I had a great conversation with a good friend over coffee the other day. During the conversation, he asked me to name some of my “marketing heroes.” The question kind of caught me off guard. I felt like I should rattle off a list of current icons in the industry. Names like Godin, Sinek, Vaynerchuk, and Kawasaki should easily come to mind. Truth is, they didn’t. Instead, I started to reflect on historical figures whose advice and approach to life have left an indelible imprint on my marketing mind.
As I started to list off names, we both began to realize the value in the collective wisdom of those who have gone before us. That realization spurned a desire to dig deeper into who these figures were, and how their advice can inform our efforts to build compelling and successful campaigns. I’d like to share the wisdom of some of these folks with you in kind of a series, if you will. Maybe we should call it “Historical Icons of Marketing” or something clever like that, but I’d like to avoid the cheesiness if at all possible. And, quite honestly, I can’t really think of a series title I like. For now, we’ll take it on a “post-by-post” basis and see what develops.
Our first historical case study comes from a founding father… none other than Benjamin Franklin.
Ben was my kind of guy. A renaissance man. He did more in one lifetime than I could hope to accomplish in several. He was a master at most things he set his mind to. A quick Google of the man will reveal a jaw-dropping list of awesomeness. Not only was Franklin a catalyst for organizing America into a nation and the man credited with discovering electricity, he also excelled at writing, inventing, science, and a laundry list of other enviable talents. Not to mention the man’s face is on the $100 bill, which trumps pretty much anything that any of us will ever do or accomplish in our short time here on planet earth.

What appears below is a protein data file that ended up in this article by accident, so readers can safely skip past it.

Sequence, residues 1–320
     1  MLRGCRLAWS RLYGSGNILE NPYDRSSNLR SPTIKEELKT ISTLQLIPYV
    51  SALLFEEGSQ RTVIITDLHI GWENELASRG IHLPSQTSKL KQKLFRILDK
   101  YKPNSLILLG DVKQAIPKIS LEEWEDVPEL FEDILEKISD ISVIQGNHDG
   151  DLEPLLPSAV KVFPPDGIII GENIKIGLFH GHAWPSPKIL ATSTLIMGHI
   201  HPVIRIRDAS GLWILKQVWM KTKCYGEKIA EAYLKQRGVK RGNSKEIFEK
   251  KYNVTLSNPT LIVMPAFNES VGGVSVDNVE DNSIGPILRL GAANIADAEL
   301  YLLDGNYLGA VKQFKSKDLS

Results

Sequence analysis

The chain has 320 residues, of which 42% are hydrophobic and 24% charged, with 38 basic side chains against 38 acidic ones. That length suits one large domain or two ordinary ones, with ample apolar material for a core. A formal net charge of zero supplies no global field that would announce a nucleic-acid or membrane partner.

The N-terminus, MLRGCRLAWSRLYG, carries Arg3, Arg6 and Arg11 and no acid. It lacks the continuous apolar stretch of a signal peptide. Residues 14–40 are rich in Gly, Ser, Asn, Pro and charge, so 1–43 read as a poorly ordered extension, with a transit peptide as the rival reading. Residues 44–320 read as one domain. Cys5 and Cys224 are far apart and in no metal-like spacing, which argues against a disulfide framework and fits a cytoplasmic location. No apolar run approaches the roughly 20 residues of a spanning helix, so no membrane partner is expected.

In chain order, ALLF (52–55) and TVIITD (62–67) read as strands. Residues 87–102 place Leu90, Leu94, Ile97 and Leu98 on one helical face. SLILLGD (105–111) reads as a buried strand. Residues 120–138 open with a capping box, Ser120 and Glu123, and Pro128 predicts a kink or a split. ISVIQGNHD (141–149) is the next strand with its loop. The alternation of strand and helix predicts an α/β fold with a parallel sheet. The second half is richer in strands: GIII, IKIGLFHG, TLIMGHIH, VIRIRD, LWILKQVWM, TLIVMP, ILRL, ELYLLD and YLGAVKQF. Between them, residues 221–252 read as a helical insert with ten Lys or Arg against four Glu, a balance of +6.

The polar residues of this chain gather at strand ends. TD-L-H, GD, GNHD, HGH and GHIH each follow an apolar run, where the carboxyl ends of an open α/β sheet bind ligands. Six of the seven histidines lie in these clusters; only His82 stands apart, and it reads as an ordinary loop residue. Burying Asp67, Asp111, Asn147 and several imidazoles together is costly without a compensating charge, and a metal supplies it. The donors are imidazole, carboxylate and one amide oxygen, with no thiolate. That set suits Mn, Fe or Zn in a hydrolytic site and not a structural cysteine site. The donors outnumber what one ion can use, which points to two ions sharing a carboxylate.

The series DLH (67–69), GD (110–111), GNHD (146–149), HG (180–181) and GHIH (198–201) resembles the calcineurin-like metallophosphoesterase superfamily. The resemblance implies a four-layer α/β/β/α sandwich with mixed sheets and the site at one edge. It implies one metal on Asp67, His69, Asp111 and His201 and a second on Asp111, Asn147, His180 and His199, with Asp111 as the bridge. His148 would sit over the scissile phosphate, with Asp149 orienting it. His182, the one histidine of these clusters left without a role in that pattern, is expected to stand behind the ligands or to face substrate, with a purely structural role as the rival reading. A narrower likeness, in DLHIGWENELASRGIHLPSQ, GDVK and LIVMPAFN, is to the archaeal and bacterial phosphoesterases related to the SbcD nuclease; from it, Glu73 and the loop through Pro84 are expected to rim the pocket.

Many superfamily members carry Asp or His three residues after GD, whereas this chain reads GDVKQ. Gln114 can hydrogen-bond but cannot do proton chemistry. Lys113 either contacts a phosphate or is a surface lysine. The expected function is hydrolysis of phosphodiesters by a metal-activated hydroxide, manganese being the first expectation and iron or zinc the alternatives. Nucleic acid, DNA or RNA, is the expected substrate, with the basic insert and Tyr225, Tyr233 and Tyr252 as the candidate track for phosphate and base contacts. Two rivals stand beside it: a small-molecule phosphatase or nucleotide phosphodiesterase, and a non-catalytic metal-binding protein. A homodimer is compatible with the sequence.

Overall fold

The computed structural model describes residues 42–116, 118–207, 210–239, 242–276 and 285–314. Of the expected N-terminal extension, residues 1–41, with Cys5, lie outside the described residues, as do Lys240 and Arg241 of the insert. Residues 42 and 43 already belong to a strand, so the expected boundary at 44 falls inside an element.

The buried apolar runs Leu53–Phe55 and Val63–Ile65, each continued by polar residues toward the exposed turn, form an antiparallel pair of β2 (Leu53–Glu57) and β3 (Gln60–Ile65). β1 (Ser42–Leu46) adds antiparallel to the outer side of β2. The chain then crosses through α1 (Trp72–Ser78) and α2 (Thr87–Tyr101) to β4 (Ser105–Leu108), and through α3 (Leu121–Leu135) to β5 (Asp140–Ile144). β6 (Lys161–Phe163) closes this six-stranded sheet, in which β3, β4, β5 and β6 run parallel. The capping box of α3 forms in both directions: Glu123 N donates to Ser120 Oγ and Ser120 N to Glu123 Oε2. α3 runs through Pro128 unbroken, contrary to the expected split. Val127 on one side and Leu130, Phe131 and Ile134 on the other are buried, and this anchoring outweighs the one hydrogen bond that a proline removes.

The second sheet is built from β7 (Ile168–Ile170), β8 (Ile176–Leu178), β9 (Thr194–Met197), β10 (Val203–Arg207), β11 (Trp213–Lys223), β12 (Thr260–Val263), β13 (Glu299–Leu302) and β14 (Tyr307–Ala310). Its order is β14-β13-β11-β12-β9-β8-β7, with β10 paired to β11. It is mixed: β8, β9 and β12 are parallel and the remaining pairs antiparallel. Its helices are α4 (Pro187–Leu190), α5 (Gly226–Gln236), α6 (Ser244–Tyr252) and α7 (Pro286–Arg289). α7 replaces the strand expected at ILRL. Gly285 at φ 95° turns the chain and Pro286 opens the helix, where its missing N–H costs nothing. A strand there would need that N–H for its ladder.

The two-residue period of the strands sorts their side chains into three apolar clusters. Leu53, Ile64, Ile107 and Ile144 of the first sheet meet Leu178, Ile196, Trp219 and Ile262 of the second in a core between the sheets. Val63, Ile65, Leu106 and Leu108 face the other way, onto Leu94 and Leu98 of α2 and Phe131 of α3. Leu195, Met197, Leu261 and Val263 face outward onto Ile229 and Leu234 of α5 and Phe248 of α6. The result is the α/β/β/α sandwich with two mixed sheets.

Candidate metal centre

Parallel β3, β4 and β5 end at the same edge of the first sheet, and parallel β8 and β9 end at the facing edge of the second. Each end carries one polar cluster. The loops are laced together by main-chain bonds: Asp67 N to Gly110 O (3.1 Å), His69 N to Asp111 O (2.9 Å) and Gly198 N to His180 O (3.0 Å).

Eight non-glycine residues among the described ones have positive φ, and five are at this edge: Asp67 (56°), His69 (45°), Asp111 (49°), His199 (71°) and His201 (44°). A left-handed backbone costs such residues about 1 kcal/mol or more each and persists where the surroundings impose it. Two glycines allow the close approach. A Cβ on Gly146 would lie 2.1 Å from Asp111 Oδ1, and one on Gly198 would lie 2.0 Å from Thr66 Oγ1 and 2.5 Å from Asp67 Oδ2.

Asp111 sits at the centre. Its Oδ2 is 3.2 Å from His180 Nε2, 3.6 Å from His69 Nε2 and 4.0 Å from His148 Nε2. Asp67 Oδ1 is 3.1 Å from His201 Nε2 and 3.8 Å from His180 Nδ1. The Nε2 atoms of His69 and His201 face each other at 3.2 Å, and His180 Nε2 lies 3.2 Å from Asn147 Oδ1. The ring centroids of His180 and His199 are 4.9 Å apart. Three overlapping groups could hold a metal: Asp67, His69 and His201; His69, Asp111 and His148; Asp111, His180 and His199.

In today’s fast-paced world, it is very unusual to find a person who excelled as much as the “First American.” So what was it that made Franklin so successful? I think his success was due to a very simple trait that Franklin often mentioned in his writing. He showed up every day, and worked hard, period. It was his consistency and diligence that paid off.
“Diligence is the mother of good luck.” – Ben Franklin
What Franklin is saying in this quotation is that you make your own good luck, which I believe to be true in marketing.
I will admit that we love it when a client asks for a bold idea that will “revolutionize” their marketing or turn on an endless supply of attention and leads. It is this desire to make a splash that gets folks fired up and really excited about a campaign. You can see a sparkle in their eye when they want to go big.
I love that spark.
I also know that there is so much more to it. What folks forget is that marketing is not a get-rich-quick scheme. It is a “bring your lunch pail to work and work hard every day” scheme. Sure, we fancy ourselves as savvy marketers that can come up with cute and funny campaigns that get real results, but what most folks don’t see is the sweat and toil that goes into making those clever little marketing campaigns succeed.
A great viral video does not happen without hours of work. It has to have a great concept and story that will really resonate with the target audience. Most importantly, it needs a team of folks focused on the nitty-gritty. Even once the video is produced, it takes a grinding, dedicated, diligent effort to make it succeed. No great marketer ever gets lucky. They work their fingers to the bone on a solid campaign and then reap the benefits that come from that effort. As I think about my team and the efforts we put in, I’m proud.
I’m proud of the really brilliant ideas that our creative folks come up with, but most importantly I’m proud of the diligence that we put into each and every campaign and client.